After 70 games this season, Teemu Selanne leads the Ducks and is ninth in overall NHL in scoring with 81 points. His 41 goals place him third in the league, trailing Tampa's Vincent Lecavalier who has 46 and Ottawa's Dany Heatley who has 42, in the race for the Rocket Richard Trophy as the National Hockey League's leading goal scorer. On Sunday he tallied two goals as the Ducks defeated the Vancouver Canucks 4-2 and it marks the seventh time in his 14-year career that he has scored 40 or more goals, the most among active players.
He spoke to the media during an NHL conference call Tuesday afternoon.
Q. Thanks for being on with us today. I'm wondering if you ever remember when you look at the eight teams right now that are in the playoff spots in the Western Conference, if you can ever remember where all eight teams, they all have a good shot at going to the final.
TEEMU SELANNE: You know, you never know what's going to happen in the Playoffs, and when you play so many times against one team, anything is possible. That's why Playoffs are so important and exciting.
But I think all eight teams have a really good shot. I don't think there's one that is more of a favorite than others. It's going to be an interesting race.
Q. As a follow-up, you are the one sort of contender that didn't really add anything at the trade deadline. How do players react to that inside the room when you see other teams adding guys and you guys didn't do anything?
TEEMU SELANNE: I think, you know, it was bothering us a little bit a couple weeks before the deadline. I know there were a lot of guys a little worried about what was going to happen. But I think it was a big relief for everybody that we realized that we are still all together.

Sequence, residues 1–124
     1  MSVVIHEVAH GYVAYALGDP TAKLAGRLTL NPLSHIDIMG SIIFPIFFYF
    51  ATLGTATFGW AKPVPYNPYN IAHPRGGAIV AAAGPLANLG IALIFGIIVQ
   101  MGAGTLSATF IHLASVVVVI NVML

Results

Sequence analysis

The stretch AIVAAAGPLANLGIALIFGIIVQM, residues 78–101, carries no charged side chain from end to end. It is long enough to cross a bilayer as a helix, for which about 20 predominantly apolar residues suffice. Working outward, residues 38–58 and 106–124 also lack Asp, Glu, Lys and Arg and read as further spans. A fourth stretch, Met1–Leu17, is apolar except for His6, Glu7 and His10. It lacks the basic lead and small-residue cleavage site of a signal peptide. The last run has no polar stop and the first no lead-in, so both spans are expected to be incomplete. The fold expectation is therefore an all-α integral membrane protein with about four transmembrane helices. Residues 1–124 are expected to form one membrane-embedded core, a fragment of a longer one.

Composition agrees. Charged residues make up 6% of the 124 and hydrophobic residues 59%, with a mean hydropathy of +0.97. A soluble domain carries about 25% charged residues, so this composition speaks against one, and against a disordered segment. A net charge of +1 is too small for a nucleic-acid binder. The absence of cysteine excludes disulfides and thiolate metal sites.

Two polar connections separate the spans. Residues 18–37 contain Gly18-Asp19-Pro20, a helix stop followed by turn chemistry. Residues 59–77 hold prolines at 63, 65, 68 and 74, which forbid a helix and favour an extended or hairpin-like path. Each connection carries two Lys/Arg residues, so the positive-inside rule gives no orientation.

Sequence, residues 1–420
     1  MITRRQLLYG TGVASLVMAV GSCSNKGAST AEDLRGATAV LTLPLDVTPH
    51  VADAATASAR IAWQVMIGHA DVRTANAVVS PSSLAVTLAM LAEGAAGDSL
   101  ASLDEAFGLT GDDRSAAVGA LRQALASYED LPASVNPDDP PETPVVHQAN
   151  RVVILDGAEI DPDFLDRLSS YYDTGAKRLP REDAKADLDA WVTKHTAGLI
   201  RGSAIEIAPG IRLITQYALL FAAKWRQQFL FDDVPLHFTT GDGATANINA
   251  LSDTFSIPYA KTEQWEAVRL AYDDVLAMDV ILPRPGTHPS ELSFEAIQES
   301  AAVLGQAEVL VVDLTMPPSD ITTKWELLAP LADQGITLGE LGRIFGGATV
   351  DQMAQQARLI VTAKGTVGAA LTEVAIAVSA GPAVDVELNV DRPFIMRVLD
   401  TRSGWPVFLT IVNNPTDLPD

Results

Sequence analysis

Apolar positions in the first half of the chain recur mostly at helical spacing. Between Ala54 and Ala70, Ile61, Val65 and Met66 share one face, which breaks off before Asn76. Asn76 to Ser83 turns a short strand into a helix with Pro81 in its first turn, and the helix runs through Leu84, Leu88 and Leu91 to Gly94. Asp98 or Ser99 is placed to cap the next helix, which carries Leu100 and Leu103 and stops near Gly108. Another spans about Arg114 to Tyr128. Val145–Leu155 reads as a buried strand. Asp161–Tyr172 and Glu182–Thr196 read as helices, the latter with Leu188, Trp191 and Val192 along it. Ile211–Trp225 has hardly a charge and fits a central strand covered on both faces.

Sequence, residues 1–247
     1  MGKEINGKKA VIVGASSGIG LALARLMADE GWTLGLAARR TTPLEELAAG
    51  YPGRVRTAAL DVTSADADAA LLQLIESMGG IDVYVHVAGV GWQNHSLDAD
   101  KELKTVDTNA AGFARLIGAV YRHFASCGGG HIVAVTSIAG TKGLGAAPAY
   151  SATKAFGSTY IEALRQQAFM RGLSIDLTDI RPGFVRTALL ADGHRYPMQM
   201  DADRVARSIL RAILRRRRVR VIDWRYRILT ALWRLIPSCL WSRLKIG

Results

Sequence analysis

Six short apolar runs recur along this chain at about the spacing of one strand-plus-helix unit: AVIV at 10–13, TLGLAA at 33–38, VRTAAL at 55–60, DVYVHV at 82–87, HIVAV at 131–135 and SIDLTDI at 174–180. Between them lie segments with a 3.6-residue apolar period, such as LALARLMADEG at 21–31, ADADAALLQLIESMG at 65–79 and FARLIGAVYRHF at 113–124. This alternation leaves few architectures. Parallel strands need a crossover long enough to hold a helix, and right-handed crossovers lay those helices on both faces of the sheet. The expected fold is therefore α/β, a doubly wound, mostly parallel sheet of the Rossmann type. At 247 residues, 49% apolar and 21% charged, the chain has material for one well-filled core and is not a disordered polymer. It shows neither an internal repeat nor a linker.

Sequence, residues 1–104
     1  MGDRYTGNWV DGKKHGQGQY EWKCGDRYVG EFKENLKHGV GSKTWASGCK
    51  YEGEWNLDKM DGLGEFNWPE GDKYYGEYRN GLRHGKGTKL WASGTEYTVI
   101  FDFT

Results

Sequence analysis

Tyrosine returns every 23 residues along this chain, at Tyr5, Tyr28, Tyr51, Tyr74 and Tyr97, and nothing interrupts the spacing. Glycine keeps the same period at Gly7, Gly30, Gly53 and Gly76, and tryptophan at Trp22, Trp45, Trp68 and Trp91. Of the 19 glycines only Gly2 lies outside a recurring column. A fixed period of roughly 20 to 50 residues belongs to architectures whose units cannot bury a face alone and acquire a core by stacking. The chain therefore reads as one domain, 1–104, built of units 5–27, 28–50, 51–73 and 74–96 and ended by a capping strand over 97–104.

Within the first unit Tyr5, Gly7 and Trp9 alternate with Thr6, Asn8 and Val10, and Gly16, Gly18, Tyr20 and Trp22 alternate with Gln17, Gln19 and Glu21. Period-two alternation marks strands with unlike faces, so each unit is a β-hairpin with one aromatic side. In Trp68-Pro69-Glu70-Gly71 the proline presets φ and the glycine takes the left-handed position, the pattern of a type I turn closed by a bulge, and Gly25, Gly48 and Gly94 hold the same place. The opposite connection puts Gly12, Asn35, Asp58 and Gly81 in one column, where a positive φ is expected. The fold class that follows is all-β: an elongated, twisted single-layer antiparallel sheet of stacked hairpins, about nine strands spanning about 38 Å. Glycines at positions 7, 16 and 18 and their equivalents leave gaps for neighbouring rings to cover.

Obviously the last to sign, O'Brien, he's a really good young and talented defenseman. But other than that, the guys stayed here, and I think that's a really good sign because the fault when we started last year, everybody accepted the roles and we did the job together, and we had some tough times, and I really believe that the healing process started when you have tough times, you have to trust each other, you have to turn this whole thing around together. We still have all those guys here, and I think that's very important that you have that chemistry and good family feeling in the team. You know, it's a good feeling here.
Q. Could you explain your rejuvenation the last two years?
TEEMU SELANNE: Well, it's quite simple. Obviously I'm healthy. That gives me a chance to play at the level where you can play and use my speed and the tools that I have.